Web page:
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Thirty-three years and over ten million copies later...the classic story continues. Yossarian returns -- older, if not wiser -- to face a new foe. An instant classic when published in 1961, Joseph Heller's "Catch-22" still ranks among the funniest -- and most serious -- novels ever written about war. Now Heller has dared to write the sequel to his 10-million copy bestseller, using many of "Catch-22"'s characters to deftly satirize the realities and the myths of America in the half century since they fought World War II. In "Closing Time," a comic masterpiece in its own right, Heller spears the inflated balloons of our national consciousness -- the absurdity of our politics, the decline of society and our great cities, the greed and hypocrisy of our business and culture -- with the same ferocious humor that he used against the conventional view of warfare. Back again are characters familiar from "Catch-22," including Yossarian and Milo Minderbinder, the chaplain, and little Sammy Singer, as they come to the end of their lives and the end of the century -- all linked, this time, in uneasy peace and old age...fighting not the Germans, but The End. Outrageously funny and totally serious, and as brilliant and successful as "Catch-22" itself, "Closing Time" is a fun-house mirror that captures, at once grotesquely and accurately, the truth about ourselves.
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Joseph Heller lives with his wife in East Hampton, New York.Excerpt. © Reprinted by permission. All rights reserved.:
When people our age speak of the war it is not of Vietnam but of the one that broke out more than half a century ago and swept in almost all the world. It was raging more than two years before we even got into it. More than twenty million Russians, they say, had perished by the time we invaded at Normandy. The tide had already been turned at Stalingrad before we set foot on the Continent, and the Battle of Britain had already been won. Yet a million Americans were casualties of battle before it was over -- three hundred thousand of us were killed in combat. Some twenty-three hundred alone died at Pearl Harbor on that single day of infamy almost half a century back -- more than twenty-five hundred others were wounded -- a greater number of military casualties on just that single day than the total in all but the longest, bloodiest engagements in the Pacific, more than on D day in France.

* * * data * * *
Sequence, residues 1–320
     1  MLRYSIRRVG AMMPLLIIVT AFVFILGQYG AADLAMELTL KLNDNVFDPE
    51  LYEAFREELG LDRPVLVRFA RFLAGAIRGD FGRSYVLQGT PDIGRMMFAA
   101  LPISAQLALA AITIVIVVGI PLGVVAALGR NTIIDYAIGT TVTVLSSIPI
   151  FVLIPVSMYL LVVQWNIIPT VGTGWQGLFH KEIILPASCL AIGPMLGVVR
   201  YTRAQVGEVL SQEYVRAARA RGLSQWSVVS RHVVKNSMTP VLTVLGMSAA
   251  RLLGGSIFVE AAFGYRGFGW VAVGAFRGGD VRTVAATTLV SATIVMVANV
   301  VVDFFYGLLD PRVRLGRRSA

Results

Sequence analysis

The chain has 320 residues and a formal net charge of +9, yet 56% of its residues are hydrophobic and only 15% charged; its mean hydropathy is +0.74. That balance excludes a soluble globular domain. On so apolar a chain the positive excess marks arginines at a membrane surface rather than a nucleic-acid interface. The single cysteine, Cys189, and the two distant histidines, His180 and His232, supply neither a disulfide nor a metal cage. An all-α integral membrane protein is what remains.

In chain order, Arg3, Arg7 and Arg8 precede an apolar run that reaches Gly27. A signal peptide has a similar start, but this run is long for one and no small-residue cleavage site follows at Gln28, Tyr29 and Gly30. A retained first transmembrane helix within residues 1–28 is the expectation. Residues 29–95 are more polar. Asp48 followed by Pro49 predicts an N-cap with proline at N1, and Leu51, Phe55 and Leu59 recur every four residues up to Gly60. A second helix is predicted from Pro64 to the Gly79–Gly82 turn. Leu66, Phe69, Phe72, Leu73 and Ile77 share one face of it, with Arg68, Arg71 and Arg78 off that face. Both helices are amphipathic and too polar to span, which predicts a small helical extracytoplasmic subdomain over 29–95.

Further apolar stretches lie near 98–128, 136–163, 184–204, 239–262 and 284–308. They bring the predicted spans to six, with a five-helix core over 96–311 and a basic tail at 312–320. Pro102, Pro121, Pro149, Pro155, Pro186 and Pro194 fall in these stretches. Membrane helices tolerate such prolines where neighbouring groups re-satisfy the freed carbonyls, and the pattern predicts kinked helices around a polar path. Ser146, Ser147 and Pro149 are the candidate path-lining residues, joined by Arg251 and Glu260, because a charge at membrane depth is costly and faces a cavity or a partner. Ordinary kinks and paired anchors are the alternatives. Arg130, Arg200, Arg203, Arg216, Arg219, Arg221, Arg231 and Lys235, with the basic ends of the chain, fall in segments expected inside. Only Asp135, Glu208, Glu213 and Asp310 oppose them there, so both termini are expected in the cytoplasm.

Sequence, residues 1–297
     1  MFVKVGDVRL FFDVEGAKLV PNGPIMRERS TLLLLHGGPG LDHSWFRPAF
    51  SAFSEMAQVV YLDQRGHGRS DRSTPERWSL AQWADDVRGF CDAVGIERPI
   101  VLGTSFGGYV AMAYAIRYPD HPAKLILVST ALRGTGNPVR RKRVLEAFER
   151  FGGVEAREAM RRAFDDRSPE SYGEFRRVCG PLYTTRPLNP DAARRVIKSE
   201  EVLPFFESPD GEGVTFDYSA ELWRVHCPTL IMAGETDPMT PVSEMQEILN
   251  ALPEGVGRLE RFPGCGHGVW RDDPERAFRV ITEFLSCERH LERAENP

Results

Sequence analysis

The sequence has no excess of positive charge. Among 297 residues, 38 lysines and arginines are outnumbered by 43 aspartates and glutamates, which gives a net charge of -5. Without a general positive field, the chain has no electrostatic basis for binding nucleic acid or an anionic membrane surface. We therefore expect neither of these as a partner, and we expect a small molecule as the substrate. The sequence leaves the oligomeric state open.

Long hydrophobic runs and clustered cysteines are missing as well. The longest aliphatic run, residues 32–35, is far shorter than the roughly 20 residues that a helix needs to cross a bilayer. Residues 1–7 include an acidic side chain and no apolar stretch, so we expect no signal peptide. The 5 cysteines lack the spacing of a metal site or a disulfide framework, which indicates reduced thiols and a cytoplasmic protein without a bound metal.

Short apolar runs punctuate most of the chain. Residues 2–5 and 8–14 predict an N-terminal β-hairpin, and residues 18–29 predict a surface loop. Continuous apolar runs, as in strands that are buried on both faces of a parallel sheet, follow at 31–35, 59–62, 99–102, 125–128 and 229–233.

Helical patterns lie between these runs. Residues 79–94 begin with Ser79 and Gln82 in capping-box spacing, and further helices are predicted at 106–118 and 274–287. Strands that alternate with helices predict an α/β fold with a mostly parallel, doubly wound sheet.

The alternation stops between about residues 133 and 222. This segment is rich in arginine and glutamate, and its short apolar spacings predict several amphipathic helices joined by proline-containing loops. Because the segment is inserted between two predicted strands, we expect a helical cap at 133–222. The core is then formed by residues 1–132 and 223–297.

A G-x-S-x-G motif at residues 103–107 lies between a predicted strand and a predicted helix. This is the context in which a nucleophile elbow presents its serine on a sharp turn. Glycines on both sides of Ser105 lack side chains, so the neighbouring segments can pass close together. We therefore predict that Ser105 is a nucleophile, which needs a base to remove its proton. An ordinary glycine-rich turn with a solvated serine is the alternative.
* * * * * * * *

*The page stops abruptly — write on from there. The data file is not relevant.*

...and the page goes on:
No wonder we finally went in.
Thank God for the atom bomb, I rejoiced with the rest of the civilized Western world, almost half a century ago, when I read the banner newspaper headlines and learned it had exploded. By then I was already back and out, unharmed and, as an ex-GI, much better off than before. I could go to college. I did go and even taught college for two years in Pennsylvania, then returned to New York and in a while found work as an advertising copywriter in the promotion department of Time magazine.